The U.S. Environmental Protection Agency (EPA) and the Pebble Limited Partnership reached an agreement on May 11 that could clear the way for the project to pursue permitting for the massive gold and copper mine in Alaska’s Bristol Bay Region.
The decision by the EPA does not grant immediate approval for the mine but it does reverse a 2014 decision by the agency that effectively blocked progress of the mine on the grounds that any large scale mine could damage the regions salmon industry. The Bristol Bay Region is home to the one of the world’s most valuable salmon fisheries.
The Pebble Partnership, a subsidiary of Northern Dynasty Minerals Ltd. now has a much clearer path to apply for federal permits for the mine.
In a statement, EPA Administrator Scott Pruitt said that the agreement “will not guarantee or prejudge a particular outcome, but will provide Pebble a fair process for their permit application and help steer EPA away from costly and time-consuming litigation.”
“We are committed to due process and the rule of law, and regulations that are ‘regular’,” said Pruitt. “We understand how much the community cares about this issue, with passionate advocates on all sides … We are committed to listening to all voices as this process unfolds.”
In 2014 the EPA invoked a rarely used clause of the Clean Water Act, 404(c), to issue a proposed determination that the company could not apply to the Army Corps of Engineers for any permits because a massive mine could have “significant” and potentially “catastrophic” impacts on the region.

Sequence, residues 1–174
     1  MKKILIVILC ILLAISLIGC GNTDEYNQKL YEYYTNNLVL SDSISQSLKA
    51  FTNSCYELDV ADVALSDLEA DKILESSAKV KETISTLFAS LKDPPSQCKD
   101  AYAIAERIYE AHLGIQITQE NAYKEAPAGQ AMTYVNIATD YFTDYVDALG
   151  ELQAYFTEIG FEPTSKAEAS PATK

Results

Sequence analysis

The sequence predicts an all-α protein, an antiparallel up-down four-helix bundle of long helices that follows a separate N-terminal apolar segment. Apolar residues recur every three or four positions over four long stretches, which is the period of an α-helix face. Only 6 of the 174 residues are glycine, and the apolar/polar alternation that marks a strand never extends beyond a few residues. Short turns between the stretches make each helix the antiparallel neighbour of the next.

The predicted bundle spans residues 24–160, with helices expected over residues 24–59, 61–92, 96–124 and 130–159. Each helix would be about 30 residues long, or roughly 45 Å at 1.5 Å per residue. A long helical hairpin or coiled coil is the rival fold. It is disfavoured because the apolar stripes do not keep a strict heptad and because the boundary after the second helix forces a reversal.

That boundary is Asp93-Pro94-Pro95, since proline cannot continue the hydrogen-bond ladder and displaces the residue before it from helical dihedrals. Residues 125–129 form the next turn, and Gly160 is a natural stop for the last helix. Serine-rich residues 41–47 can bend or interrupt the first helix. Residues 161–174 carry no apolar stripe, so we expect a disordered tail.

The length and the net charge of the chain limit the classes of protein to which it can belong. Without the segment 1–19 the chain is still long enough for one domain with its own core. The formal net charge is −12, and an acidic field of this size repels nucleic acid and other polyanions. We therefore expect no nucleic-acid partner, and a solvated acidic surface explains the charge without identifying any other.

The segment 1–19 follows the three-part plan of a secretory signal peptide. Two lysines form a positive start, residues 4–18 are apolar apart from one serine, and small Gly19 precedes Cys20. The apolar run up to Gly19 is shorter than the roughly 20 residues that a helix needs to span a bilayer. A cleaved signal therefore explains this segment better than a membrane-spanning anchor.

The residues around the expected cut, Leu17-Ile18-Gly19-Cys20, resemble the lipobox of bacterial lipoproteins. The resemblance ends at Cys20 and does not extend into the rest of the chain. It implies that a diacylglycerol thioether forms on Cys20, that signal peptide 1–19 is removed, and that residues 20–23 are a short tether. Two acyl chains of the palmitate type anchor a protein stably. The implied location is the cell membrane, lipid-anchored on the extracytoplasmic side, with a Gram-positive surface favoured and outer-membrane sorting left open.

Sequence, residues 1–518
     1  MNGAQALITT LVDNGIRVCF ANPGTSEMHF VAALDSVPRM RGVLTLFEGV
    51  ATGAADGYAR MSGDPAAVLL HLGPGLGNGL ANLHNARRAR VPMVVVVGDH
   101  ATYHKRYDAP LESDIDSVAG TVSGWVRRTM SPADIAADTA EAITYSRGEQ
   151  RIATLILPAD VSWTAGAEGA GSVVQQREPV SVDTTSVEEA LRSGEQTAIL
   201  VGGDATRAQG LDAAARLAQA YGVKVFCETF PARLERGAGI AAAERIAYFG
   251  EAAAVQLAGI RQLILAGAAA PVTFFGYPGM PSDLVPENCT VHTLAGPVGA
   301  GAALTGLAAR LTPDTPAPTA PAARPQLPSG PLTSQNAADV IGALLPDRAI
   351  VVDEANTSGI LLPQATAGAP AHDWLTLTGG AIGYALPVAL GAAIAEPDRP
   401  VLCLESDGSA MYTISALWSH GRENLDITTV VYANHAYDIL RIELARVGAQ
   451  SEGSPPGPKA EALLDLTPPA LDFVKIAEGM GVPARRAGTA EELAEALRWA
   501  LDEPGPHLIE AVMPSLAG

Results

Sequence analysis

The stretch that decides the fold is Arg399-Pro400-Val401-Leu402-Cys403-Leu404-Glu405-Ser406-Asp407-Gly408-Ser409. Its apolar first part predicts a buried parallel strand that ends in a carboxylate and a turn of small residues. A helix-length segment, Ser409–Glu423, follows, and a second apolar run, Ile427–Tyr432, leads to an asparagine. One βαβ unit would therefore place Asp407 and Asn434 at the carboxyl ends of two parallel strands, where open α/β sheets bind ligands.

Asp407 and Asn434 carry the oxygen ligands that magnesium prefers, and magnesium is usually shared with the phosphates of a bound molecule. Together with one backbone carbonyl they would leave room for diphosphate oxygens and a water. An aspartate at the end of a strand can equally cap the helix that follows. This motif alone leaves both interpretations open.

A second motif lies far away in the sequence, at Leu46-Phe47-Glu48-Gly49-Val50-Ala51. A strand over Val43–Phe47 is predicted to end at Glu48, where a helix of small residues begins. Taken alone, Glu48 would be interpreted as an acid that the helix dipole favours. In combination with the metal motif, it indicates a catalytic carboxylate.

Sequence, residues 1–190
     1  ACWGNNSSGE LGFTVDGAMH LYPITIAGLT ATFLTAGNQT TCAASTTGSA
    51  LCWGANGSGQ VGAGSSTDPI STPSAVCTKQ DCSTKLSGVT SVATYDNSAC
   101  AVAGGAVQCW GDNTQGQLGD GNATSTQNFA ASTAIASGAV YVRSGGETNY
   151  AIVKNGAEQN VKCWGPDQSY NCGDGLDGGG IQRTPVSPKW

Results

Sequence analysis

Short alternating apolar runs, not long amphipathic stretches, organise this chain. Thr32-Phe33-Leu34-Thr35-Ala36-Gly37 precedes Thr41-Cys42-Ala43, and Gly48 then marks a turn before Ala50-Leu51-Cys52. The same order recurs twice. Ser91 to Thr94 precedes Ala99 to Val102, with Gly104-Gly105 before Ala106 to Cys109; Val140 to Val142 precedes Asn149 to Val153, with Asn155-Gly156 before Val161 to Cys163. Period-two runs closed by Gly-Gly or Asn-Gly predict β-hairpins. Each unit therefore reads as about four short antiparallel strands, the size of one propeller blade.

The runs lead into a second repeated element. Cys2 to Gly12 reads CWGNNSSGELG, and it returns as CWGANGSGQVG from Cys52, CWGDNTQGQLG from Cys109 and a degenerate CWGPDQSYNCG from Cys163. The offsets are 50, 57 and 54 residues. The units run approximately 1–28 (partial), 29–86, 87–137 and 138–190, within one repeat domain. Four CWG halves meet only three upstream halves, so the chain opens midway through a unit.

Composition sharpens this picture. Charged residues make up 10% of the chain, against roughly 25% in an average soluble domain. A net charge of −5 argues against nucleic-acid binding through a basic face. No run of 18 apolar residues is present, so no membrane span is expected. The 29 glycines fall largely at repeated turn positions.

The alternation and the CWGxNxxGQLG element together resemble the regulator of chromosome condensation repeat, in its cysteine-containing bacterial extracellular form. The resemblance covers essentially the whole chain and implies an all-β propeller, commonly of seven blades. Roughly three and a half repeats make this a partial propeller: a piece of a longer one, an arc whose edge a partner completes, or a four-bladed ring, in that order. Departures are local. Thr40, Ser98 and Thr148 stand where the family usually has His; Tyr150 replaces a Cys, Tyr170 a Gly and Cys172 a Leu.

The company has sued EPA on three different fronts, arguing that the agency violated the Clean Water Act, colluded with outside groups to reach its determination and violated the Freedom of Information Act. The suit concerning the outside groups, filed under the Federal Advisory Committee Act, was the one settled in federal court in Alaska, the Washington Post reported.
Under the terms of the settlement announced Friday, the EPA will withdraw its proposed rejection of the mine and Pebble will be able to file permit applications for it.
The EPA will not issue a recommendation on the mine until the Army Corps of Engineers issues a final environmental impact statement for the project.
“We’ve asked for nothing more than fairness and due process under the law – the right to propose a development plan for Pebble and have it assessed against the robust environmental regulations and rigorous permitting requirements enforced in Alaska and the United States," said Ron Thiessen, the chief executive officer of Northern Dynasty Minerals.
“Today's settlement gives us precisely that, the same treatment every developer and investor in a stable, first world country should expect.”
Despite the ruling, the project is still years away from breaking ground and continues to face significant opposition.
A coalition of fishing operators, native Alaskans, environmentalists and local businesses have fought the mine proposal for more than a decade, ever since Northern Dynasty Minerals began exploring for minerals in 2004. While this area in southwestern Alaska contains a reservoir of gold worth an estimated $120 billion, its pockmarked lakes and tributaries feed into the headwaters of Bristol Bay, home to a fishery that generates $500 million a year.